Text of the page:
November 20, 2023 - 2:30pm

The United States Treasury has a problem on its hands. Due to the Biden administration’s enormous spending, this year the Treasury has issued net $2 trillion in new debt — over 8% of GDP. Due to its Quantitative Tightening (QT) programme, the Federal Reserve is currently selling down around $60 billion a month. Now, to add to the problems, recent data shows that foreigners are no longer buying, having sold net $2.4 billion in September.

The first issue that stands out is the borrowing itself, and the Fed’s unwillingness to absorb it. This is happening because the Biden administration has decided to ignore all sound practice when it comes to fiscal policy. Keynesian economists, who recognise that Government borrowing can sometimes be good for the economy, advocate that monetary policy and fiscal policy should work together. That is, the Government should borrow and spend when the central bank is lowering interest rates, and it should rein in borrowing and raise taxes when interest rates are rising.

The Biden administration has decided to break all the rules in this regard. The Federal Reserve is trying to slow the American economy by raising interest rates, and the White House is trying to speed it up by injecting enormous amounts of fiscal expenditure through its Inflation Reduction Act (IRA). In normal times, this would be considered chaotic policy, but since the 2016 election, economists have become unwilling to criticise Democratic ministries, lest it result in another Trump presidency. 

While Joe Biden’s runaway spending is leading to clear problems in the market for Treasuries, it is arguably not the worst problem. If the situation got out of control and interest rates started to spiral, the Federal Reserve could, against its better judgement, reverse its QT programme and start buying up Government debt again. This would end any pretence of central bank independence, but it would also end a debt crisis in a pinch.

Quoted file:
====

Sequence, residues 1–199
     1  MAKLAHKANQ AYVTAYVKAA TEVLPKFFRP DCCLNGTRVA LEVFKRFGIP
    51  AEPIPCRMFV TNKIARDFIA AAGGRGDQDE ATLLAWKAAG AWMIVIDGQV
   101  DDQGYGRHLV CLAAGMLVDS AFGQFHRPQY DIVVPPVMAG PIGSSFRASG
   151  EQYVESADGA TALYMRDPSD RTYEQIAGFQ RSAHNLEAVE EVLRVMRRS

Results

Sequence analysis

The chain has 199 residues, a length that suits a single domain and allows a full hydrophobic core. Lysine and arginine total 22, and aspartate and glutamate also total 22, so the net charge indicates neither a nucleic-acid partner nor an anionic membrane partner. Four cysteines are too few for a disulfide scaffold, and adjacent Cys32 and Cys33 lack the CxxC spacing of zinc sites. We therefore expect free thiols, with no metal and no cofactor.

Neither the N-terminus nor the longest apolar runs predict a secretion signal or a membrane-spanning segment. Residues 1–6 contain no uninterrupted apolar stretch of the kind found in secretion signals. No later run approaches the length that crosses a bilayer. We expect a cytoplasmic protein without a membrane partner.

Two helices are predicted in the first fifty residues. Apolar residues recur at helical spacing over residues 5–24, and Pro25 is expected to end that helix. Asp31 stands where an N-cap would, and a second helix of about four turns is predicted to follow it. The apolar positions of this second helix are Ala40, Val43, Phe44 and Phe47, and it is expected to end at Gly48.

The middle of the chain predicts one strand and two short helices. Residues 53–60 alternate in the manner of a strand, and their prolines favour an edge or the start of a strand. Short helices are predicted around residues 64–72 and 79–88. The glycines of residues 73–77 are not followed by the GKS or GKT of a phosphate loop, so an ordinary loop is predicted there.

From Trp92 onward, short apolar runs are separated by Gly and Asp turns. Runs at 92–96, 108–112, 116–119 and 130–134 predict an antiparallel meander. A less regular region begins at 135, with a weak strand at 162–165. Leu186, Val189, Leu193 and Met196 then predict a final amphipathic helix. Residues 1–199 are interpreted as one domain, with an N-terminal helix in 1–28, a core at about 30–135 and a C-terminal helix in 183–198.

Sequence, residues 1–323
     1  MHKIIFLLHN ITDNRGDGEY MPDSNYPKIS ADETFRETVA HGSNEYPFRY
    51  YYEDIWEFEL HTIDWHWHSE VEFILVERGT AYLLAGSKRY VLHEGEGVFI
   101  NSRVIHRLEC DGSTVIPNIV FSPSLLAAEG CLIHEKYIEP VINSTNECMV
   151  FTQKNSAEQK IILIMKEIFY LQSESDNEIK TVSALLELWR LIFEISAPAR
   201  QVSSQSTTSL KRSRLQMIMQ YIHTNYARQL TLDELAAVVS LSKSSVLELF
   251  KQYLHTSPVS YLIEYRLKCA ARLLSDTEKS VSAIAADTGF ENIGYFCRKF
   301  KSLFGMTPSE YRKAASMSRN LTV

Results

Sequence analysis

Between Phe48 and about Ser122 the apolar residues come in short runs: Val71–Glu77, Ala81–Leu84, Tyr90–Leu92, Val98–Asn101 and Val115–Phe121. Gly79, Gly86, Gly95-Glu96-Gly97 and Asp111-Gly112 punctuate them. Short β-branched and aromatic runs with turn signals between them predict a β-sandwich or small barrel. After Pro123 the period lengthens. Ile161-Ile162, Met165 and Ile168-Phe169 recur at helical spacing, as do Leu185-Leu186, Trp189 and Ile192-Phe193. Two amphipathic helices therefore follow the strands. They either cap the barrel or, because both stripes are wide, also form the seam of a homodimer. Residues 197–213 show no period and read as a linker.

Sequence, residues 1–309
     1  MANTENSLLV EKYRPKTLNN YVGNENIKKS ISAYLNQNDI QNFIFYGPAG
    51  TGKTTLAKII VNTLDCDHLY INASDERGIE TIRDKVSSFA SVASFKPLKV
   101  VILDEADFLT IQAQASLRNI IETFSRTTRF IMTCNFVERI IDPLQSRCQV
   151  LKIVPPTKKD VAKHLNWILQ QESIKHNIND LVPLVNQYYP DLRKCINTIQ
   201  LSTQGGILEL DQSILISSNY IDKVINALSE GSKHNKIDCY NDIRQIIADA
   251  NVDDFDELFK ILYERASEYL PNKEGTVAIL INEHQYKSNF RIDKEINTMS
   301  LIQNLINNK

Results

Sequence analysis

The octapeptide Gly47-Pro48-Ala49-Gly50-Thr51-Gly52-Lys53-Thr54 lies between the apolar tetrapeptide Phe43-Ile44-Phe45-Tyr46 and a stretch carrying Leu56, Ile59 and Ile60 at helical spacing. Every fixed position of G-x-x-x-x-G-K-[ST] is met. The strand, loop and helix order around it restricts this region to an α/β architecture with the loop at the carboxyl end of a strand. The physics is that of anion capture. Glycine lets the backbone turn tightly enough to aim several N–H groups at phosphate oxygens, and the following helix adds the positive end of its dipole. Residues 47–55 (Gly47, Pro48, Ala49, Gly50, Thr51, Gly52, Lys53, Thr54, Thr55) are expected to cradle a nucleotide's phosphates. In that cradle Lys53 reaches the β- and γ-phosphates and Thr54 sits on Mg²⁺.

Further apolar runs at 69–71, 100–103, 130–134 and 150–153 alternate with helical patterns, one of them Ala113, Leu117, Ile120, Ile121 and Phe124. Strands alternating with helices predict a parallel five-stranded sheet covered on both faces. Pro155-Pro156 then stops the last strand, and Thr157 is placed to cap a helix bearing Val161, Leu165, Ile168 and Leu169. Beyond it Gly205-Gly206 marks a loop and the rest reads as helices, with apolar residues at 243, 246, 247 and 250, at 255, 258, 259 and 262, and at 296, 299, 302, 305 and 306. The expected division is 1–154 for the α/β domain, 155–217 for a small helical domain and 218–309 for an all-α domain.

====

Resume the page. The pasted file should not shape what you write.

Not so when it comes to foreign buyers of Treasuries heading for the exit. It is well-known that the United States runs a large trade deficit, and so needs to borrow money from abroad in very large quantities. Much of this is undertaken by issuing Treasury debt to foreign borrowers, but now they are stepping back. This begs the question: why?

It could be a simple fluctuation that will soon reverse itself: occasionally, foreign borrowers temporarily lose their appetite for Treasuries only to return to the market later. The difference today, however, is that after the American freezing of Russian foreign exchange reserves last year in response to the invasion of Ukraine, everyone has been talking about de-dollarisation. The Russian reserve seizure has shown the world that American assets are only trustworthy if Washington agrees with your foreign policy.

This has economists firmly focused on the market for Treasuries, and monitoring whether countries are still buying them. Recently, we have seen the Chinese exit the market in droves, with their Treasury holdings having fallen 40% in the past few years. Economists such as Brad Setser at the Council of Foreign Relations argue that this is an illusion and try to establish, through forensic accounting exercises, that China is buying US Government agency debt and Treasuries through offshore custodians. Setser’s ideas are far from definitive, and even if he is correct, the aggressive move of China out of the main market and into the grey market for Treasuries, and into agency debt, is itself an indication that things are changing.

The results of these changes will likely remain unclear until the next major global recessions. Recessions are to global economics as wars are to global geopolitics: they catalyse change. A recession will bring with it a fall in the value of global equity markets, at which point foreign investors — who are currently financing the US trade deficit — will have to decide if America Inc. is still an attractive proposition. 

At the very least, the current trends in the market for Treasuries raise red flags. And the Biden administration’s almost clownish mismanagement of the economy does not inspire confidence.

Philip Pilkington is a macroeconomist and investment professional, and the author of The Reformation in Economics